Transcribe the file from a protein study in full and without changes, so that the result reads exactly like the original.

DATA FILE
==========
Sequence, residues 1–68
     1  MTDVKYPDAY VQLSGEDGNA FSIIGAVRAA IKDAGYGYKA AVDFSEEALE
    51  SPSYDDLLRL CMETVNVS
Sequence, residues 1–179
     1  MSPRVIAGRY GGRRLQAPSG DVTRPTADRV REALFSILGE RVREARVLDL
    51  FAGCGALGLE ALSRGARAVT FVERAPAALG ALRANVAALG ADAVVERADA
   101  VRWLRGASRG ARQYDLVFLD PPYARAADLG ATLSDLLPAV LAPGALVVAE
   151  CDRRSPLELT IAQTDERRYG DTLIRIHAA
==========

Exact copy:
Sequence, residues 1–68
     1  MTDVKYPDAY VQLSGEDGNA FSIIGAVRAA IKDAGYGYKA AVDFSEEALE
    51  SPSYDDLLRL CMETVNVS
Sequence, residues 1–179
     1  MSPRVIAGRY GGRRLQAPSG DVTRPTADRV REALFSILGE RVREARVLDL
    51  FAGCGALGLE ALSRGARAVT FVERAPAALG ALRANVAALG ADAVVERADA
   101  VRWLRGASRG ARQYDLVFLD PPYARAADLG ATLSDLLPAV LAPGALVVAE
   151  CDRRSPLELT IAQTDERRYG DTLIRIHAA